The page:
Welcome to Purposeful Foam Rolling Blog:
Our purpose here is to help you understand what is causing your muscles to become tight stiff and sore, and the problems that can develop because of this tightness. We want to give you the knowledge and the tools so that you can take control of your self care.
Muscles that can effect your posture, and cause pain in the shoulders, neck and arms.
Christina and I have had so many clients that have come to us frustrated, because they were dealing with a lot of pain, and stiffness in the shoulders and upper back. They were also struggling with maintaining good posture. This is a very common complaint and a common problem in our modern society. One of the most important muscle and one of the most over looked muscles causing this problem is the Pectoralis Major (Pecs or chest muscles).
Hold on a minute:
So if I am having tightness and pain in my shoulder and upper back how can muscle in the front of my body be causing it.
The Pectoralis Maj is one of the most powerful muscle in your body and if it is tight it is strong enough to over power the muscles of the upper back, putting you into very bad posture.
So if you can’t put arms behind back or reach up high with your arms. If you have roundness in your shoulders or (ladies) breast augmentation. Or if you are a big fan of bench presses and push ups then this will be a great article for you.
Where are they:
Now, I know most people know basic location of the Pectoralis Major (Pecs). Most people don’t know the exact attachment sites are. This is good to know because it helps explain why this muscle can cause so much trouble.
So, place your hand on the lower edge of your clavicle (collarbone), that’s the bone on the front side of your shoulder between the neck and the upper side of your arm. Run your hand across the clavicle toward the neck. About 1/3 of the way across you should feel a hard firm muscle that seems to drop downward toward the upper arm. This is the start of the Pecs. Now follow the clavicle until it end at the sternum ( The big bone in the center of your chest). Follow the outside edge of the sternum downward until about an inch from the bottom. You should feel the the pectorals Major muscle move away from the sternum and toward the ribs. Follow the muscle out onto the ribs about an inch or so. This is the full range of where tone side of this muscle attaches at. Now, the muscle runs out of these attachment sites coming together and attaching This is the largest attachment site for the pectorals muscle. AT the very bottom of the sternum you should feel where the sternum ends and the ribs continues. Follow the ribs down about an inch and a half. This is where the lower fiber of the pectorals major attach at. Now all the fibers of this muscle come together in an inch wide band that attaches into the outside edge of the center of the upper arm. This is the location of the pectorals muscle. It is a very large area and it is what give this muscle so much power and force.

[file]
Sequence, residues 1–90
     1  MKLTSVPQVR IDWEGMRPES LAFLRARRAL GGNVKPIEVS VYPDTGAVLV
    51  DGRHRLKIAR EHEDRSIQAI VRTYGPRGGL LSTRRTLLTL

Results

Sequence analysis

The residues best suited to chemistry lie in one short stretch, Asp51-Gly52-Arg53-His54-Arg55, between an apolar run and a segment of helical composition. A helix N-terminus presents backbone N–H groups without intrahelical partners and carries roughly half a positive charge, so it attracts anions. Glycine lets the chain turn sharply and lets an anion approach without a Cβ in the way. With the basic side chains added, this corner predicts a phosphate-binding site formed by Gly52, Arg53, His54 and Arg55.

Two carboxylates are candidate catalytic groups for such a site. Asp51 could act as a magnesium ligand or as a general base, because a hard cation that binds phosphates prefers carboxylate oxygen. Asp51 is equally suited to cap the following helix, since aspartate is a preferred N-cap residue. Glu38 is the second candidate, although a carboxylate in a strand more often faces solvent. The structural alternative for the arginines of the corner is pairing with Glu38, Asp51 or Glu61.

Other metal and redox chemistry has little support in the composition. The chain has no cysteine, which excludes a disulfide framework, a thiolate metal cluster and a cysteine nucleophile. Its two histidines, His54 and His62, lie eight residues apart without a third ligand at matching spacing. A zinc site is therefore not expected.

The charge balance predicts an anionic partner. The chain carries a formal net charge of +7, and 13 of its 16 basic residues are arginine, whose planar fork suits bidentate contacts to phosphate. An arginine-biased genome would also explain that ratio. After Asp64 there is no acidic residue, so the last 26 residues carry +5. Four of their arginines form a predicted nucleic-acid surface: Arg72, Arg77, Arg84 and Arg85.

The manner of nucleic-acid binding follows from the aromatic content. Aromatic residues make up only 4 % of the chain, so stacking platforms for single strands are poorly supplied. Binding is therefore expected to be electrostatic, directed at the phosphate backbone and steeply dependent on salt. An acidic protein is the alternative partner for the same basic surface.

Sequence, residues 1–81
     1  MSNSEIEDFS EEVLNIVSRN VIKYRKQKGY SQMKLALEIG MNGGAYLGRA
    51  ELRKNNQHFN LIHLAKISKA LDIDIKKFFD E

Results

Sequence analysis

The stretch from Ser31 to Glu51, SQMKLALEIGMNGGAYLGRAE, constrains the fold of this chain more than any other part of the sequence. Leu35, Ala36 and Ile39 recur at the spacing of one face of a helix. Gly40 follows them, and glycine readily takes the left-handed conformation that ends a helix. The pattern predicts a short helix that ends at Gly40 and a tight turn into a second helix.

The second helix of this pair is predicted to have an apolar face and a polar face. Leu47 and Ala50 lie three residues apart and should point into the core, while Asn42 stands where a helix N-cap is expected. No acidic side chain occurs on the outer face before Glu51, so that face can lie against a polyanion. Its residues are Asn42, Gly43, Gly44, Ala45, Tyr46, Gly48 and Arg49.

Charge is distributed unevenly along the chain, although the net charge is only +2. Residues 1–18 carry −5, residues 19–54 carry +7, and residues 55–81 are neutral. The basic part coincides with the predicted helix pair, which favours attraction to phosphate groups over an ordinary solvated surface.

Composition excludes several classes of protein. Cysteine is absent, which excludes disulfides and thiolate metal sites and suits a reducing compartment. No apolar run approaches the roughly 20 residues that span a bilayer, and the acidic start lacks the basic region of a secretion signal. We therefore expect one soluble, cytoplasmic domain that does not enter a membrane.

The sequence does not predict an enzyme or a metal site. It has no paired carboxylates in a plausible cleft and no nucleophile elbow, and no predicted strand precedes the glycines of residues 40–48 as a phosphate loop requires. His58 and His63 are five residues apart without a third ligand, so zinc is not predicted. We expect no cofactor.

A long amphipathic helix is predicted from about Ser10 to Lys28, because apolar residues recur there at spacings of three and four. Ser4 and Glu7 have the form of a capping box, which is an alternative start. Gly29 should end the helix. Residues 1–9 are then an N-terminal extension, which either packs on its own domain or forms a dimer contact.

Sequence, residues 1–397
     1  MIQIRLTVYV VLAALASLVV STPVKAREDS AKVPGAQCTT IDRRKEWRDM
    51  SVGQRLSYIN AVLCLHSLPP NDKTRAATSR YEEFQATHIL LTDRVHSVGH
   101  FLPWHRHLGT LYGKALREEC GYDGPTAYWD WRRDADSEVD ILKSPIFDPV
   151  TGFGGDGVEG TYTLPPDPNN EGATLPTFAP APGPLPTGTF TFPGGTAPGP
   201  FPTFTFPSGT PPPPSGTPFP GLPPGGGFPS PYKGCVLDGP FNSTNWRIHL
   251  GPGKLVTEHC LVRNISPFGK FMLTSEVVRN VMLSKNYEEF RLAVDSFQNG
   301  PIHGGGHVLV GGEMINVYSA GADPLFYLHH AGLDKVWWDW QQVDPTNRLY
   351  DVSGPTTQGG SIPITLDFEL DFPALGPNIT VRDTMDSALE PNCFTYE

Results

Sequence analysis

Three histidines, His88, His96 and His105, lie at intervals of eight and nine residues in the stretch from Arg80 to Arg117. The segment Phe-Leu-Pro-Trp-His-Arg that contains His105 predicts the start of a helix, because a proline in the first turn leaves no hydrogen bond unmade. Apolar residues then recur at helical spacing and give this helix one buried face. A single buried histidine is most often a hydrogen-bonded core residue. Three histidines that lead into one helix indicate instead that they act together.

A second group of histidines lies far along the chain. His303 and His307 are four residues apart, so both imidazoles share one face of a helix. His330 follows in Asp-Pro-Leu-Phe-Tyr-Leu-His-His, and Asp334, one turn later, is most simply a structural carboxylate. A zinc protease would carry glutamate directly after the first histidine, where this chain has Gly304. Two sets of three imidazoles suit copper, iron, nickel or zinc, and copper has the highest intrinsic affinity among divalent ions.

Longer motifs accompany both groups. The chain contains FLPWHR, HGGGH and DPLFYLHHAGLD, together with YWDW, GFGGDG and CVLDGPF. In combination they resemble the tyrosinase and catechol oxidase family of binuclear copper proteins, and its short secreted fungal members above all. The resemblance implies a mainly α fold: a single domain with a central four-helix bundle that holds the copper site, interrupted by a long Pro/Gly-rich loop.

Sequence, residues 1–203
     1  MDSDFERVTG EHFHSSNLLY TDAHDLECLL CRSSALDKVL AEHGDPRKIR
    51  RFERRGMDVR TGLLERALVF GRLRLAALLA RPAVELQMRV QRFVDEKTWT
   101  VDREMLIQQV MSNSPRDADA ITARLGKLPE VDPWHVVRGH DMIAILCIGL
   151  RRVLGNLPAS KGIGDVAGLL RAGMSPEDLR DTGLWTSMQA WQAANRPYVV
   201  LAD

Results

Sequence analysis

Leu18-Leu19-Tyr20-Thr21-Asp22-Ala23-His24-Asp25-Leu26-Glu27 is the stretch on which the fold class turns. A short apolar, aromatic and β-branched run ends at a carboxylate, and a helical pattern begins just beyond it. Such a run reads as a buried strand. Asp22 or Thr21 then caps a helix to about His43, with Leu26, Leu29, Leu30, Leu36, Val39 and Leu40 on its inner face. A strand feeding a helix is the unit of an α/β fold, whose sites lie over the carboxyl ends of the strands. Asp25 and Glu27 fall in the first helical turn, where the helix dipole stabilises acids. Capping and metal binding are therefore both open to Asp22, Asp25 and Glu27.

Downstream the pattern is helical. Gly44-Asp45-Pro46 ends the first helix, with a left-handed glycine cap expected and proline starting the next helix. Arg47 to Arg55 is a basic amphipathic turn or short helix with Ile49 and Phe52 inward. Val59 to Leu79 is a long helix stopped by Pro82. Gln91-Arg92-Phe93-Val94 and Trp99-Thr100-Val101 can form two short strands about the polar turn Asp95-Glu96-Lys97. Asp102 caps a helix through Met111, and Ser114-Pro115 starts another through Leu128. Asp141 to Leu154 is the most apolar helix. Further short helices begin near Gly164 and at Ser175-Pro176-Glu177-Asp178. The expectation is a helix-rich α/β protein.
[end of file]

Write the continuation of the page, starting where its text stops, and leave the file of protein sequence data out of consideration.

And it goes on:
What does this muscle do:
Now that we know where it is, it’s time to know what it does. The whole muscle works together to pull the arms inward toward the center of the body, it rotates the shoulder inward toward the center, and it may assist raising the ribs when the arms are fixed.
The upper fiber of Pectoralis Major pull the arms forward, and if the arms are raise horizontally will pull them toward the bodies center.
The lower fibers pull the arms backwards.
Why is this important:
When a muscle is tight it is going to pull in the direction that it typically moves. So if the Pectoralis Maj. is tight it will pull the arms and shoulders inward. This is called rounded shoulders and this muscle is a big player in this problem. This muscle if tight can put upward force on the ribs making you work harder for you to breath. and if tight it can make it hard to move the arms forward ad backward.
So why is this important? Because this powerful muscle can pull us out of good posture, make us work harder to breath, and reduce the range of motion of our arms.
The middle muscle fibers has five trigger points. Three of these trigger points which are closer to the arm can create pain throughout the whole chest area, down the inside of the arm forearm, into the palm and last 3 fingers. The other two trigger points located closer to the sternum can create pain in the center of the chest and edge of sternum.
The lower fibers (Ribs) can create pain into the chest especially the lower area and into the whole armpit area.
One of the strongest muscle of the body. This muscle does so much for us. Yet when it is tight it can create scary pain patterns, pain throughout the upper body, and can cause major postural and movement problem.
Pectoralis Major responds very well to self care such as foam rolling and therapeutic work. A great stretch for this muscle is to stand in a corner or in a doorway and place your hand on either the wall or door trim and lean forward placing a nice stretch in the Pectoralis Major. By moving your hand up and down you can stretch different sections of this muscle.
If you would like to take control of your own self care and learn more about our online Foam Rolling Program
“Purposeful Foam Rolling”
Make sure to check with your doctor prior too engaging in this or any exercise activity. If you have any concerns or issues with your neck or the spine of your neck, check with your doctor first before performing these stretches. Stretching should be done to a point where you feel a gentle stretch on the muscle. If you feel pain stop and consult with your doctor. These stretches are for educational purposes only and are not intended to treat, cure, or diagnose.